DEVELOPMENT OF PROTOTYPE SOIL MOISTURE SENSORS

In an effort to develop innovative sensors for the in situ measurement of moisture in aggregate base and soil subgrade layers of pavements, two prototypes have been developed and laboratory evaluated: a sensor based on nuclear magnetic resonance (NMR) technology and a sensor using dielectric constant technology. Both sensor types are potentially applicable to highway soil moisture measurement problems. Each sensor measures the amount of water in the effective volume of a soil sample and is somewhat influenced by soil type. For a particular soil of known dry density, the percentage water on a dry weight basis can be determined by empirical calibration. Under an extension of this study, the sensors are undergoing (1) refinement and development of ancillary readout equipment; (2) simulated field evaluation over a range of soil, compaction, moisture, and contamination conditions; and (3) field installation and practical evaluation in two different climatic regions. The NMR sensor based on the spin echo approach was tested with bentonite clay, silica flour, and an organic silty clay. The influences of soil density, organic matter and dissolved salts were investigated. In the prototype dielectric model, the sensor electrodes are incorporated as part of a resonance circuit whose frequency of oscillation circuit is contained within the buried sensor; a coaxial cable connects the sensor to the external power supply and readout instrument. It is hoped that in addition to the original objectives, the technology developed in the study may be applied to the development of laboratory instruments for instantaneous measurement of moisture in soil samples without the need for drying.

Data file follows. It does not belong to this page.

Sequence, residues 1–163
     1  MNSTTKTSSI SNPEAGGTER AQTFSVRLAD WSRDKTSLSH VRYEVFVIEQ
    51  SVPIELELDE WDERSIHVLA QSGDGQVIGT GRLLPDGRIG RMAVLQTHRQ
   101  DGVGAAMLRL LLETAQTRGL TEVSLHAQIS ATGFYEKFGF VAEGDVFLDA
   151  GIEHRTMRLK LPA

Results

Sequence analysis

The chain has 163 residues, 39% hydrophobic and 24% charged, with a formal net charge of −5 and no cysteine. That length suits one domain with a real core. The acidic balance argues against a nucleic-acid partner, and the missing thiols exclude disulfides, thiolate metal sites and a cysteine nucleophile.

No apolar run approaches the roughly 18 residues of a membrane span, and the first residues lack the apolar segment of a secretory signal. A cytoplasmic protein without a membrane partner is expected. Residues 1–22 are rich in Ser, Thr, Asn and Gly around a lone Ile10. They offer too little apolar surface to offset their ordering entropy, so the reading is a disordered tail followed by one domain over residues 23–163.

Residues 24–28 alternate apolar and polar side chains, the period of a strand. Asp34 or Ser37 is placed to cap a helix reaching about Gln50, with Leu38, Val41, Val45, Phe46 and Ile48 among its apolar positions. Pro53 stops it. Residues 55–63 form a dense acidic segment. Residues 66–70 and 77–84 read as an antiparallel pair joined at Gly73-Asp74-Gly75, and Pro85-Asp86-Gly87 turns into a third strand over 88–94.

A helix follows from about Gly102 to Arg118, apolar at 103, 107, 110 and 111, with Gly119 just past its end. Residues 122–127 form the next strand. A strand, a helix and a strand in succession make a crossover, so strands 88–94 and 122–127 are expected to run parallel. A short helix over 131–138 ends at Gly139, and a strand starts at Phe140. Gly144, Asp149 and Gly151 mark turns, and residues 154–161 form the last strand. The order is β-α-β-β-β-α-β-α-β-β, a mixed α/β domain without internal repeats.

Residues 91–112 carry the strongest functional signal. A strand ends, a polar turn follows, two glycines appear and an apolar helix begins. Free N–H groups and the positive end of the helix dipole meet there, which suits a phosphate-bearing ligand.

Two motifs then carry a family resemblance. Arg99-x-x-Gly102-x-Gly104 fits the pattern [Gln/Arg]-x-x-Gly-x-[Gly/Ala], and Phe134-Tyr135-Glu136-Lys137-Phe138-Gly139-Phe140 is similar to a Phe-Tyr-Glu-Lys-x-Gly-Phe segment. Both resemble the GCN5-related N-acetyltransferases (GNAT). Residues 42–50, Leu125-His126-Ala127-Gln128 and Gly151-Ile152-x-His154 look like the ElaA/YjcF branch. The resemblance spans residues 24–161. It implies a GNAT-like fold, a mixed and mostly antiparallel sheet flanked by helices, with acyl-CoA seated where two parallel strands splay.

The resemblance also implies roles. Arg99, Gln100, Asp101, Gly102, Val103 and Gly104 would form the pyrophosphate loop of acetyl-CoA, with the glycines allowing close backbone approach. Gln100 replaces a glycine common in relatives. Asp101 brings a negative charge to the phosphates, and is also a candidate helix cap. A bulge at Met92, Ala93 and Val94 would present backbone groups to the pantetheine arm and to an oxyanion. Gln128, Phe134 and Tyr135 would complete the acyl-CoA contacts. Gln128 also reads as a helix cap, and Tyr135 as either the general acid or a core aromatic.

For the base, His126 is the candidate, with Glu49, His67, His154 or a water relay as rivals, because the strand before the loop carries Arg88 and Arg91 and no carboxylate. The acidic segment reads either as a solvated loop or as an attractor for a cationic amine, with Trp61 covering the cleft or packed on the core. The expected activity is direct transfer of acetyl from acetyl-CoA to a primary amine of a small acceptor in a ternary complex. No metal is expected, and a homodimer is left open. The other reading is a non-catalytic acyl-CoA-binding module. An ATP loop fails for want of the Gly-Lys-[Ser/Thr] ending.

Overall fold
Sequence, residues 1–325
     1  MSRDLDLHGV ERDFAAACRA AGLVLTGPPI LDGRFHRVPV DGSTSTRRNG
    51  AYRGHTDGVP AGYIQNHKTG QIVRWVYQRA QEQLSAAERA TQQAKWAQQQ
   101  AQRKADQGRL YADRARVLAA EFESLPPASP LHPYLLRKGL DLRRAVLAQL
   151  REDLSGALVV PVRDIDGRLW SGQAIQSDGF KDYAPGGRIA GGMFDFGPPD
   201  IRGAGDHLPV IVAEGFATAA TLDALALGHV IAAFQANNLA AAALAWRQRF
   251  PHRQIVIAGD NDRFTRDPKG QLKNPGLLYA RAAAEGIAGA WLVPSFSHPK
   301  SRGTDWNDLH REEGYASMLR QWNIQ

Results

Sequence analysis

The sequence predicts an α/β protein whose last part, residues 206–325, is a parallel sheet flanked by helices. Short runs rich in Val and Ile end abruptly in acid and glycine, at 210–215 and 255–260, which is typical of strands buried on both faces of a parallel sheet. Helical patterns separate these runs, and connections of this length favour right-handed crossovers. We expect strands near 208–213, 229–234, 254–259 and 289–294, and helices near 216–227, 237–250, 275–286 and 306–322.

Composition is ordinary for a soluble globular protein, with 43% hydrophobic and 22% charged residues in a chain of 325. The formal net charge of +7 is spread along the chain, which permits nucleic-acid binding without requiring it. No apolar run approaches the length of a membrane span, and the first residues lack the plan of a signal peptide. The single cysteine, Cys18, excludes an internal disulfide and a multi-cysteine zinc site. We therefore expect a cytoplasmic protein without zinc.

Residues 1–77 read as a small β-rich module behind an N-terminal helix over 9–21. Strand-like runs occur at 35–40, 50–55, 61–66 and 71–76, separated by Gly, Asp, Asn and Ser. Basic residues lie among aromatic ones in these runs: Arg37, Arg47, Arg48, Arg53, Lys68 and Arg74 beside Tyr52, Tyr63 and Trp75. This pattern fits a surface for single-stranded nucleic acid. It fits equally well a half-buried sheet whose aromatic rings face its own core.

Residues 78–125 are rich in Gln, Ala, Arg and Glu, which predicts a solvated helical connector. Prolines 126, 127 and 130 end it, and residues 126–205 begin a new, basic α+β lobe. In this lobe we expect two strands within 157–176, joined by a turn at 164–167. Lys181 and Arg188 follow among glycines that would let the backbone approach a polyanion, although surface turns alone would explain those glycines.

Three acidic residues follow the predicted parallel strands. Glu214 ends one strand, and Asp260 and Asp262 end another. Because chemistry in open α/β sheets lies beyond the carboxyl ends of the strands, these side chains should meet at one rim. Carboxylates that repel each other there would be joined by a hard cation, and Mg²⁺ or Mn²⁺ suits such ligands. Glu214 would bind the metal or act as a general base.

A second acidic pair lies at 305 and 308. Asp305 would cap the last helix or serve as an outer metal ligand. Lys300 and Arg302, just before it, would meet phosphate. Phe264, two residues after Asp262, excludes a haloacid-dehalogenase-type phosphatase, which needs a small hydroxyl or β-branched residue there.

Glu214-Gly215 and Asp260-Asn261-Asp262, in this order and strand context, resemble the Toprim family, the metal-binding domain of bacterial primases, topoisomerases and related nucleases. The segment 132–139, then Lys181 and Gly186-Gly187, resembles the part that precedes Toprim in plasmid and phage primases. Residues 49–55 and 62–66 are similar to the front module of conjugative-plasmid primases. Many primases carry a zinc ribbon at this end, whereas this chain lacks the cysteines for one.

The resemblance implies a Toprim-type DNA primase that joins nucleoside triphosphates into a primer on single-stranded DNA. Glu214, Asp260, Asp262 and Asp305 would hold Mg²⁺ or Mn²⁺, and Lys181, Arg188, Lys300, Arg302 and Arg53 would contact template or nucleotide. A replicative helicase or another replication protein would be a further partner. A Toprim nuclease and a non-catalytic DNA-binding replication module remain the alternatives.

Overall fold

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  • Supplemental Notes:
    • An NCHRP staff digest of the essential findings from the final reports on the sensor development phases of NCHRP Projects 21-2 and 21-2(2), "Instrumentation for Moisture Measurement--Bases, Subgrades, and Earth Materials," by C.G. Gardner, G.A. Matzkanin, and J.R. Birchak, Southwest Research Institute, San Antonio, Texas (Project 21-2); and E.T. Selig, D.C. Wobschall, S. Mansukhami, and A. Motiwala, State University of New York, Buffalo, New York (Project 21-2(2)).
  • Corporate Authors:

    Transportation Research Board

    500 Fifth Street, NW
    Washington, DC  United States  20001
  • Publication Date: 1975-7

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  • Accession Number: 00099751
  • Record Type: Publication
  • Files: TRIS, TRB
  • Created Date: Oct 18 1975 12:00AM